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Life of Pi (2012) Movie Review

November 23, 2012

In a lifetime we go through many phases. We get to view most of these phases through the eyes of one character in “Life of Pi” as he tells the story of his life. His childhood search for meaning is beautiful as he embraces Hinduism, Catholicism, and Islam. I was greatly inspired by the boy’s quick understanding of how God is present to us in different ways both in the different understandings we get of Him through religion and the different ways that small things in our life help us to realize what is important. The young man finds his way on a boat that is meant to take him from India to Canada, along with a number of animals from his father’s zoo.

The boat goes down somewhere along the way in the middle of a powerful storm, leaving the boy stranded on a life boat with an orangutan, a zebra, a hyena, and a Bengal tiger. The sinking ship is one of the most powerful scenes in the movie and looks amazing in 3D. The 3D in the film is some of the best I have seen on screen since the recent re-emergence of 3D. Some of the most enjoyable scenes that make the best use of 3D involve animals. The film opens with a delightful scene showing a number of animals wandering around India. Then, on the life boat, the interactions of the animals stranded with young Pi are a marvel to behold. Further on, there are a few other breathtaking moments, including a number of open ocean vistas and some lush greenery on the coast of Mexico.

One of the characters in “Life of Pi,” the older Pi telling the story of his journey to America, describes his tale as one that will make the listener believe in God. While this may not be true for all viewers, the journey is a wonder to behold and highly memorable. While the film does drag at times while Pi makes his ocean voyage in the life boat, it always manages to give the impression that it will be worth holding on to see what comes next. Indeed, in many ways the impatience you feel on the boat is a powerful manifestation of the solitude and loss of hope that Pi must have felt at times on his journey.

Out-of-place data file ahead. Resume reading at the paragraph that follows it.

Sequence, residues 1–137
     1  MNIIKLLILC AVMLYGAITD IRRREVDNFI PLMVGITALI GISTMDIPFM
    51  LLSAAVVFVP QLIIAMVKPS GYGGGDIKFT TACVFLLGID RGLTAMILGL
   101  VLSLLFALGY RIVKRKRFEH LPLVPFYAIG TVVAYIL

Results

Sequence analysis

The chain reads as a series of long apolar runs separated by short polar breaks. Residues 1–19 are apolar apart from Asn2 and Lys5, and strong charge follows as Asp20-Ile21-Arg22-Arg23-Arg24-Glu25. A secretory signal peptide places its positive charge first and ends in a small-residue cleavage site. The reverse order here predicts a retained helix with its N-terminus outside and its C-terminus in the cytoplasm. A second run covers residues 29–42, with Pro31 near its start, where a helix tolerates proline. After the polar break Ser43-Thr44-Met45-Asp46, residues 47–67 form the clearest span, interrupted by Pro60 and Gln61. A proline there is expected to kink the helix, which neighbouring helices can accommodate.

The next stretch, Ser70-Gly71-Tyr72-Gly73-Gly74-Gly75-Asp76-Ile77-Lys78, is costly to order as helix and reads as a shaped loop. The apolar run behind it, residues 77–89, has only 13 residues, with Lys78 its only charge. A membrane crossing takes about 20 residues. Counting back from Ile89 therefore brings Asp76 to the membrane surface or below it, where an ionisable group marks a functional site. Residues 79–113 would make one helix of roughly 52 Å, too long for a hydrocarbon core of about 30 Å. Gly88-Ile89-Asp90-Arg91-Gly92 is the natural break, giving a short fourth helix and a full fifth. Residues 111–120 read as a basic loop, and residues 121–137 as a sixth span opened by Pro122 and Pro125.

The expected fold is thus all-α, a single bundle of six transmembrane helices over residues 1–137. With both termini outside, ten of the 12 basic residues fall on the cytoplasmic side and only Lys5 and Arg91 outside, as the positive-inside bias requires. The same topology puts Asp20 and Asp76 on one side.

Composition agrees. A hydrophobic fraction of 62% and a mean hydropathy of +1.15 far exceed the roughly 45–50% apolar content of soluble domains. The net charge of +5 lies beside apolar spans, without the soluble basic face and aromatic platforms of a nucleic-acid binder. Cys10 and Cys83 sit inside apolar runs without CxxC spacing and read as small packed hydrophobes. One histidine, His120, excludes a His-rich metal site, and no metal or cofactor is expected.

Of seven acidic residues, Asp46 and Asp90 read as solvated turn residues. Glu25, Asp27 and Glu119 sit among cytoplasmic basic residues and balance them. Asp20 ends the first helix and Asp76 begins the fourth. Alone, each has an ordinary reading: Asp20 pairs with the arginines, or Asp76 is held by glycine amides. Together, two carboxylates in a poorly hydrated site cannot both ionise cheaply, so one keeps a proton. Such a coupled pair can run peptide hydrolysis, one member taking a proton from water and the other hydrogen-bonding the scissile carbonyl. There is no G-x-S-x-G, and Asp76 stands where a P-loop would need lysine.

The music in the film was composed by Mychael Danna. It delivers a spiritual essence in the form of various vocalists, the traditional Indian singer at the beginning, and the young boy singing as Pi makes his way to safety. For much of the time on the boat, the music dials back and mostly disappears. This makes it all the more welcoming when it re-appears as Pi discovers a mysterious island full of Meercats. The score is at times exotic and at other times French (through the use of accordion) or hopeful. In all scenes, it lifts the film to new heights.

Many may be wondering if the film can stand up to the lofty expectations one might have after having read the book. My friend who saw the film with me read the book and said it was everything she hoped for. “Life of Pi” is a magical journey that at times enters the realm of the spiritual. The majestic scenery is made more moving by the fantastic use of 3D. If you get nothing else out of “Life of Pi,” you will likely leave the theater better able to appreciate the blessings in your life. It is fitting, then, that the film was released on Thanksgiving weekend and that I saw it on Black Friday.

Though we can never fully understand the majesty of God, “Life of Pi” at times provides a glimpse into the mysterious unknown. Whether you call it magic, mysticism, or spirituality, there is something powerful about the journey that can never be fully explained. Perhaps that is what makes it such a worthy journey.



From → Drama, Magical

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